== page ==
Bad Bunny Says His ‘Next Allbum Doesn’t Have Anything To Do With ‘YHLQMDLG”

Lead Photo: Photo by Rich Fury/Getty Images for dcp
Photo by Rich Fury/Getty Images for dcp
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Bad Bunny is the newest New York Times cover star. In the in-depth feature, the Puerto Rican superstar talks about representing his homeland and taking perreo to the mainstream.

Bad Bunny’s full face, including his signature ‘stash, are on the cover of NYT‘s The Culture Issue. There are other photos where Benito is looking fabulous with his hoop earrings on. The feature was notably written, shot, and arranged by Boricua women, including journalist Carina del Valle Schorske.

In “The World According to Bad Bunny,” he opens by saying, “I feel like I’m an athlete representing Puerto Rico in the Olympics.” As he ascends into the pop mainstream, Benito always has time to point out that his homeland is in need of national financial assistance. A roll of paper towels is not going to cut it.

In the feature, Bad Bunny also opens up about returning reggaetón to its Puerto Rican roots on his album YHLQMDLG. “Since reggaetón went pop all over the world, I don’t feel like people really know the sound that raised me, that I grew up studying,” he says. “This is the album I would’ve wanted to release when I was 15 and dreamed of being a singer.” Benito also hints to the next project, adding, “My next album doesn’t have anything to do with YHLQMDLG.”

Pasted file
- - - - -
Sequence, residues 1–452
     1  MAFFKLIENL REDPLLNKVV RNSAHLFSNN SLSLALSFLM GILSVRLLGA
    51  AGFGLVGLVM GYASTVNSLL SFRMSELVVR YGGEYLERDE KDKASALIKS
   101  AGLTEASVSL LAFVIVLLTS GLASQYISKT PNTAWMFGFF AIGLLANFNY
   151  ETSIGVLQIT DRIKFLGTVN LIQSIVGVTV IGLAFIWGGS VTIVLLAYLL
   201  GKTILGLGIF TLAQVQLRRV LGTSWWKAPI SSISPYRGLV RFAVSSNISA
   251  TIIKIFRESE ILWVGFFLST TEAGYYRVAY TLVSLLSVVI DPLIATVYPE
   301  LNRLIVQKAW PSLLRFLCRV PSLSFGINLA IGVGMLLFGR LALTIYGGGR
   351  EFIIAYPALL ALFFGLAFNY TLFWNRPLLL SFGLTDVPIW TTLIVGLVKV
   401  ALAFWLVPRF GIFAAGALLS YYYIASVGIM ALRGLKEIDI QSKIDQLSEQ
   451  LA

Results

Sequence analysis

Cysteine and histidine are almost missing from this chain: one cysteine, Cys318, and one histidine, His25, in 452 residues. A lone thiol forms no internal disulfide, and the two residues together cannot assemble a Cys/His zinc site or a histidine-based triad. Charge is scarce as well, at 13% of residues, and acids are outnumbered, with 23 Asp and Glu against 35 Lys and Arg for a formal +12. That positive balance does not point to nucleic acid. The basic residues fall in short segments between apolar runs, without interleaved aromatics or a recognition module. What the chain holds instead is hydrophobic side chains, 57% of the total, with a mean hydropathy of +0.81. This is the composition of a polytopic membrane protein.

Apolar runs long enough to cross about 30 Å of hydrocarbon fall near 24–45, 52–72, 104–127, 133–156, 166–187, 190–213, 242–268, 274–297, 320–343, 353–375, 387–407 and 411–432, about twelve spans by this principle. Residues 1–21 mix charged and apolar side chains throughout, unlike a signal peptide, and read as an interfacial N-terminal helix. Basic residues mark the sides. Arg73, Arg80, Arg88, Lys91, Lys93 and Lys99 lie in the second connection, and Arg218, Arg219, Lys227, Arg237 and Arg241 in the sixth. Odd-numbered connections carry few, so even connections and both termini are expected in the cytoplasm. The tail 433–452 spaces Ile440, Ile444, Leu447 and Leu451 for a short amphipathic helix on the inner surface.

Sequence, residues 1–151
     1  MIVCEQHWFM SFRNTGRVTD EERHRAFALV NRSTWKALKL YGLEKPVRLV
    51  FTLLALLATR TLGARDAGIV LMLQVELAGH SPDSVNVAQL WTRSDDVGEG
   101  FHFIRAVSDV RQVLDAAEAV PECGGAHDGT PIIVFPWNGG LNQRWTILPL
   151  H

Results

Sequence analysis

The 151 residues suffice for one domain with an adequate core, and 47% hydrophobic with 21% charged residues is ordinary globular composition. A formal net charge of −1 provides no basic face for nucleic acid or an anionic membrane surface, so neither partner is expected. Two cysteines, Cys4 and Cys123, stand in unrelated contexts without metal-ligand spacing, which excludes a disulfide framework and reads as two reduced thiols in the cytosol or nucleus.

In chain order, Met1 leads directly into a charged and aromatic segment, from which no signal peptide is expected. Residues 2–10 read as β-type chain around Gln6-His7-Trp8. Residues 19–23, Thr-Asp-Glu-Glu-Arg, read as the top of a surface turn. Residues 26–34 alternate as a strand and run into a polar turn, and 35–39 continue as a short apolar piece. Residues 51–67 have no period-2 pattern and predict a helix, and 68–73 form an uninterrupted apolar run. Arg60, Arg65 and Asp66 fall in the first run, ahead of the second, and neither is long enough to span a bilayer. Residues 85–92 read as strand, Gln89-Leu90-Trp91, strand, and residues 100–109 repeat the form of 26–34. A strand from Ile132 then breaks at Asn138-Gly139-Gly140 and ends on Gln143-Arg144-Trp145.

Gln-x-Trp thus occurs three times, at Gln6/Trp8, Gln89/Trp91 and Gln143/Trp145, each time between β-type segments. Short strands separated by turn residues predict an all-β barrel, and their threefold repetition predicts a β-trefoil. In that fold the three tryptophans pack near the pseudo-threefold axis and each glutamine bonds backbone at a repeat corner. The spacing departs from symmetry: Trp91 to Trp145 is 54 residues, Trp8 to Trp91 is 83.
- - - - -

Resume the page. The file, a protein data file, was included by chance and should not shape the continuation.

In approaching reggaetón’s roots, Bad Bunny is also asked to speak on the genre’s Black origins that are often forgotten in today’s sea of white Latinx reggaetoneros. He admits that’s something he’s still learning about. “As a child, for better or worse, I always lived in my bubble,” Benito says. “Now, I could say – and people do say – it’s a form of privilege. But it’s always been my way of being. Me, in my house and in my bubble, imagining a better, more magical world.”

Another highlight is Bad Bunny talking about gender fluid style. “When I bathe I’m a little bit feminine,” he says. “The idea for ‘Sólo de Mí’ also came to me in the bath.” Benito mentions there was a version of the song where he sang about himself using “tuya” but that he didn’t want the song’s empowering message to be overshadowed by speculation around his sexuality.

The feature is a fascinating look inside the life of one reggaetón’s biggest stars that deserves to be read in full. You can check out the NYT piece here.